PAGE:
Germany denies Qatar quotes attributed to defense minister

German Defense Minister Ursula von der Leyen. (AFP)
Updated 16 July 2018
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Germany denies Qatar quotes attributed to defense minister

  • Germany is denying comments about Qatar attributed to the German defense minister in Arab media
  • Defense ministry spokesman Frank Faehnrich said on Monday the quotes attributed to von der Leyen were reviewed

BERLIN: Germany is denying comments about Qatar attributed to the German defense minister in Arab media, saying the articles “are in large parts wrong.”
In an article published Saturday the Qatar News Agency cited an unidentified “local Arabic newspaper” as saying Ursula von der Leyen had spoken of a “conspiracy” by some of its neighbors to undermine the Gulf state’s security.
Defense ministry spokesman Frank Faehnrich said on Monday the quotes attributed to von der Leyen were reviewed and “it’s a fact that the minister didn’t (make) these comments in any way.”
Faehnrich said that while the issue of Qatar came up during a podium discussion on the sidelines of the recent NATO summit in Brussels, “we can deny that the minister was quoted correctly.”


Jordan braces for more anti-austerity protests

Updated 13 December 2018
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Jordan braces for more anti-austerity protests

AMMAN: Jordanian authorities deployed hundreds of riot police in the capital and warned activists to stay within the law on Thursday ahead of another protest against the government's tough austerity measures backed by the International Monetary Fund.
Large demonstrations in the summer managed to bring down the previous government over an unpopular IMF-backed tax bill.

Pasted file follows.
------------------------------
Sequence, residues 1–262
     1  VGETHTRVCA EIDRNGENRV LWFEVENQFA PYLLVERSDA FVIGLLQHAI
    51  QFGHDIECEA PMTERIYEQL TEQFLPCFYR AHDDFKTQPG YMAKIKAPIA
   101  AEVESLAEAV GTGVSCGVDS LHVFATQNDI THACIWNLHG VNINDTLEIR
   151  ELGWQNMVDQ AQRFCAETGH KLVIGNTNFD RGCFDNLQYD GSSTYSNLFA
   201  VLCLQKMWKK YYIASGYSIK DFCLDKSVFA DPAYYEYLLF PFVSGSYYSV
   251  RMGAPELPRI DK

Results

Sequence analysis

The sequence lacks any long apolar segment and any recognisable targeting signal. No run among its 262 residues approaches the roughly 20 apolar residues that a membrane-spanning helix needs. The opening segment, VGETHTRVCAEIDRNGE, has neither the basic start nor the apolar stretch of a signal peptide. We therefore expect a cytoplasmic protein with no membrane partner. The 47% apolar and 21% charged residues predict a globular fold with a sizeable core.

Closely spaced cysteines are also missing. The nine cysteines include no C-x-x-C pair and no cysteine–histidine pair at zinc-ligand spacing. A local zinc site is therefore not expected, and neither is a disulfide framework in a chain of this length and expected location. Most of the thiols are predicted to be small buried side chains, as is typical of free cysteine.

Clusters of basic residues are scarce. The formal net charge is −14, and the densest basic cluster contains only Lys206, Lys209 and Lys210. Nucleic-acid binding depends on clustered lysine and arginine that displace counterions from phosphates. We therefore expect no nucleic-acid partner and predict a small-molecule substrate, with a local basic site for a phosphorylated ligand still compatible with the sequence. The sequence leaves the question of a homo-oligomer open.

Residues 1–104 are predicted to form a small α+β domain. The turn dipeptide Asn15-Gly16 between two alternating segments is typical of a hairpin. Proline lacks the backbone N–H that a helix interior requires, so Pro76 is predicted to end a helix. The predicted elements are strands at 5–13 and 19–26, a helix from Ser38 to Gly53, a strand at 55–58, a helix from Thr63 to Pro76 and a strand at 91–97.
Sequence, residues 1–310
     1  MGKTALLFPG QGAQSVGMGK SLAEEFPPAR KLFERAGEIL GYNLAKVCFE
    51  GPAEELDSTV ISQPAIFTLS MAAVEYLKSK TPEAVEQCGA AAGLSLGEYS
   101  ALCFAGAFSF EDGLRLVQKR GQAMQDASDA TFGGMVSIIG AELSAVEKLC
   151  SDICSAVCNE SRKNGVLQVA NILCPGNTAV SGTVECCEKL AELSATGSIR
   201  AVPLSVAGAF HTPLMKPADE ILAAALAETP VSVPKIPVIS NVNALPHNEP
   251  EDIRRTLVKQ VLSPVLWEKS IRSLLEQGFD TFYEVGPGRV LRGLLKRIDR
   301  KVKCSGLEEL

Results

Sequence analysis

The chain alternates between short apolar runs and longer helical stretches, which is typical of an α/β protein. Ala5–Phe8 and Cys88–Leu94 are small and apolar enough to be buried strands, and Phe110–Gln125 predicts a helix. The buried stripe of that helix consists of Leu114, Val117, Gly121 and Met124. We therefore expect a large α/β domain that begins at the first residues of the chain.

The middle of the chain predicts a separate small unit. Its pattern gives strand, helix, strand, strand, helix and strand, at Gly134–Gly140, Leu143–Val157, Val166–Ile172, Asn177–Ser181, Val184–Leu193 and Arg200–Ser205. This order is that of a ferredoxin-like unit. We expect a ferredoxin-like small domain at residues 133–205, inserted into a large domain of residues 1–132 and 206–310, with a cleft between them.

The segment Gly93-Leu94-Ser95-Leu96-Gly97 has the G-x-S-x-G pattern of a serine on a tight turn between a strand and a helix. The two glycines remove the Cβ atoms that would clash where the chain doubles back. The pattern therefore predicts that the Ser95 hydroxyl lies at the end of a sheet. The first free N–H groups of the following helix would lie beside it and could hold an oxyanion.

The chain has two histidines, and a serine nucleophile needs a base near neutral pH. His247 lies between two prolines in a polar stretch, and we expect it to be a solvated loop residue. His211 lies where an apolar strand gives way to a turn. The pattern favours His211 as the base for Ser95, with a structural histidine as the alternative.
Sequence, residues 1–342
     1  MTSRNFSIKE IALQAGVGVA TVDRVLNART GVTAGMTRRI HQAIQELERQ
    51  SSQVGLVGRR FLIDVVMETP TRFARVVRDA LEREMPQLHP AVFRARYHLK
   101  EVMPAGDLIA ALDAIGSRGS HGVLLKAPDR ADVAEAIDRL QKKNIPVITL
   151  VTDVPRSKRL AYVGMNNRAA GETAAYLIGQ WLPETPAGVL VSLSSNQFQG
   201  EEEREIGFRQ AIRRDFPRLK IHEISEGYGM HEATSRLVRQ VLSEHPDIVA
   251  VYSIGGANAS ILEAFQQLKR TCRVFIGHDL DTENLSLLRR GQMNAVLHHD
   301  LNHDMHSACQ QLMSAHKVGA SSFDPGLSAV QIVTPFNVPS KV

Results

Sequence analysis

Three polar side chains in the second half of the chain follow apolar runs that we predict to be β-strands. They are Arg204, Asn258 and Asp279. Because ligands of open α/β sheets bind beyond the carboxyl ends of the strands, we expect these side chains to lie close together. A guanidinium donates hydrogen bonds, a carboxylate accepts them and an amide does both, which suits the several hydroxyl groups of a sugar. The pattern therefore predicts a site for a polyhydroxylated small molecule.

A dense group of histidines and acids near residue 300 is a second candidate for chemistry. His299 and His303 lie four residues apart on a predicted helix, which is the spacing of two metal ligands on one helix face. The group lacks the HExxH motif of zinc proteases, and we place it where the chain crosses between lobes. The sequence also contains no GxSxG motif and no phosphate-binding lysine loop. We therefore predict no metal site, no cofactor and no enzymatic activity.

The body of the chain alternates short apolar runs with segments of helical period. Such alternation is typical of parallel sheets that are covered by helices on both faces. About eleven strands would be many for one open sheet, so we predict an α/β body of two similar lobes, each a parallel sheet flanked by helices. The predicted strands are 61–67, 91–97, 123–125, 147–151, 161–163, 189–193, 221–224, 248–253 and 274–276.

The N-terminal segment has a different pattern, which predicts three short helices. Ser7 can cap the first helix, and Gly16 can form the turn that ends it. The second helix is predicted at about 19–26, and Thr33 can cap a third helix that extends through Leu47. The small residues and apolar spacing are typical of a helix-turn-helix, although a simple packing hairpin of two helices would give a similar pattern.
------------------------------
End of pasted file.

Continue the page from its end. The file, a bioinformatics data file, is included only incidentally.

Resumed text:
Protesters have held sporadic protests over the past two weeks and a judicial source said authorities had detained several people for chanting slogans critical of King Abdullah as well as the government.
"(For) anyone who breaches the law there will be punishment," government spokeswoman Jumana Ghunaimat told reporters on Thursday.
"There are those who want to sow destruction... We must safeguard Jordan's stability and security," she said, adding that the government wanted dialogue.
The latest protests eruped after a largely pliant parliament last month approved a tax bill widely seen as making few changes to the unpopular law scrapped after the summer demonstrations.
Many Jordanians say the government, which faces a record public debt of around $40 billion and desperately needs to raise revenue, is eroding the disposable incomes of poorer and middle class Jordanians while letting the wealthy off the hook.
The protesters complain that Prime Minister Omar Razzaz, appointed by King Abdullah after the summer protests, has not delivered on promises to jail corrupt officials and businessmen.
They also say he has sought public support for tough economic measures while failing to curb lavish public expenditure and improve public services, and that he should resign.
Jordan suffers from high unemployment, with regional conflicts weighing on business confidence. Poor economic growth has reduced tax revenues, forcing Jordan to borrow heavily abroad and also to resort to more domestic financing.